A root canal is a treatment used to repair a damaged tooth. The procedure involves removing the diseased or infected portion of the tooth, sealing the canals (pathways into the tooth), and repairing the tooth with a dental crown.

While a root canal is a common outpatient procedure, you may not be sure what to do after having one. This is especially true when it comes to eating, which you can usually do once the local anesthetic medication wears off.

Keep reading to learn more about when — and what — you can eat after getting a root canal.

When to eat after a root canal

Most dentists will recommend waiting to eat until your teeth and gums no longer feel numb after the root canal. This usually lasts a few hours.

It’s important not to eat immediately after a root canal because your gums, and sometimes your tongue, are somewhat numb. This might lead to you biting your cheeks or your tongue, or burning them if you can’t feel that the food you’re eating is too hot.

You also could potentially damage your temporary filling. Dentists typically place a temporary cap over the tooth after a root canal to protect it until the permanent crown is ready.

What foods to eat after a root canal

Eating soft foods is usually the best place to begin. Examples of these foods include:

As your teeth and gums feel less sore, you can likely advance your diet to include additional foods.

What foods to avoid after a root canal

Just as soft foods are beneficial right after a root canal, foods that are hard to chew are less of a good idea. Examples include hard foods such as nuts and seeds. Sticky foods, such as candies, gum, or caramels are also best avoided.

You should also avoid extreme temperatures, such as very cold or very hot foods and drinks. Some tooth sensitivity is common in the immediate period after a temporary or permanent crown is placed.

If your dentist placed a temporary crown until your permanent one is ready, you should likely avoid these food types until the permanent crown is placed.

Usually, when your dentist places the permanent crown, they’ll advise you to refrain from chewing with the crown. This can last anywhere from a few hours to a full day, depending upon the adhesive they used.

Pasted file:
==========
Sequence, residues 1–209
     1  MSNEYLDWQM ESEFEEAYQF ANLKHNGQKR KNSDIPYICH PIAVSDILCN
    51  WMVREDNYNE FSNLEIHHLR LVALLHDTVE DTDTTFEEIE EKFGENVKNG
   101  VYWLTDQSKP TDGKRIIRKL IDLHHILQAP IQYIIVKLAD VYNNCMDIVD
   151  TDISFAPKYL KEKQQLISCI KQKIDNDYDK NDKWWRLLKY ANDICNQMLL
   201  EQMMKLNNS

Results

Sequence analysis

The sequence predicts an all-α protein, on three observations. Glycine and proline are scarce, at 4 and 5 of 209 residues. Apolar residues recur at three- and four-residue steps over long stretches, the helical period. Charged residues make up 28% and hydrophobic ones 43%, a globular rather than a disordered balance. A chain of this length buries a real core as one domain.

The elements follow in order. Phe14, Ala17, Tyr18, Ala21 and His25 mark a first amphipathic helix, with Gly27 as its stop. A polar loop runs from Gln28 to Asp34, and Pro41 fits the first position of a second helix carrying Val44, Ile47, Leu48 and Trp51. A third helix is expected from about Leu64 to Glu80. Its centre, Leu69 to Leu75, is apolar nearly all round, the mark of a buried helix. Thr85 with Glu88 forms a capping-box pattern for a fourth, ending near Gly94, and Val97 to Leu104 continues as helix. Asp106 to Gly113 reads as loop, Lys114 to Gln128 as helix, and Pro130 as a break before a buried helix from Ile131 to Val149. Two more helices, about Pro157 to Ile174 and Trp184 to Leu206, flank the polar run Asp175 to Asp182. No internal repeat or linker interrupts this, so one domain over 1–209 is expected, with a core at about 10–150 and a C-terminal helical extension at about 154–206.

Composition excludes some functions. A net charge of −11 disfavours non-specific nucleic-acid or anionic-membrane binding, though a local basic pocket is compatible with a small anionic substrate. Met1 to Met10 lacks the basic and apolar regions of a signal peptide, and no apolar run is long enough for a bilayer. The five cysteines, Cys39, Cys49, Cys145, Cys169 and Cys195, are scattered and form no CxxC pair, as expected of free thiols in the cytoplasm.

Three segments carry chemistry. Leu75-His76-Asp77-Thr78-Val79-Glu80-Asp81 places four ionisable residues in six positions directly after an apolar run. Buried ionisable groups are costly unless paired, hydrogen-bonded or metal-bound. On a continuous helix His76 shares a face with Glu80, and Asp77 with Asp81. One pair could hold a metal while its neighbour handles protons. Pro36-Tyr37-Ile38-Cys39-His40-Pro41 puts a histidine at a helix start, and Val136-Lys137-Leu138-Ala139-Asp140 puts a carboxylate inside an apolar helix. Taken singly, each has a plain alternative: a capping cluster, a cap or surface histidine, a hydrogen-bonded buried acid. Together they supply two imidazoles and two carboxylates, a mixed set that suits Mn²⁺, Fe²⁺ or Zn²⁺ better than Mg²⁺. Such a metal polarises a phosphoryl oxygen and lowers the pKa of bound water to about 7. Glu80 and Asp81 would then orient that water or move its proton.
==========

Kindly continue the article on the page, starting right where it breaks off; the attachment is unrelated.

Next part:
Other post-procedure best practices

Experiencing some post-procedure soreness is normal after a root canal. You can usually control this with over-the-counter pain relievers such as ibuprofen and acetaminophen.

Your dentist may also give you other recommendations, including:

  • brushing your teeth as normal to maintain good oral hygiene
  • refraining from flossing on either side of a temporary crown to prevent dislodging the crown or the material it’s made of
  • gargling with salt and water three times per day to reduce inflammation, which you can do by mixing 1/2 teaspoon of salt and warm water, swishing it in your mouth for about a minute, and then spitting it out

If your dentist prescribes antibiotics to reduce the risk of a tooth infection, take the medication as prescribed. This is especially true for taking all of the antibiotics to reduce the likelihood the infection will come back.

When to call your dentist

While most people don’t have severe side effects after a root canal, it’s important to recognize times when you should go back and see your dentist. This can include:

  • allergic reaction, such as a rash or itching
  • severe pain or pressure in your mouth
  • swelling that gets worse instead of better
  • fever

You should also call your dentist if your temporary crown or filling comes out, your bite feels uneven, or you experience other worsening symptoms.


If you’re getting a root canal, it’s important to understand when and what you can eat after the procedure.

Generally speaking, once the anesthetic has worn off and your mouth and gums are no longer numb, you’ll be able to enjoy soft foods while working your way back to some of your other favorite dishes.

Your dentist will usually provide you with instructions to follow after your root canal. Make sure to follow up with them about any questions or concerns you have, both before and after the procedure.


Author: Rachel Nall, MSN, CRNA 

Article originally appeared at healthline.com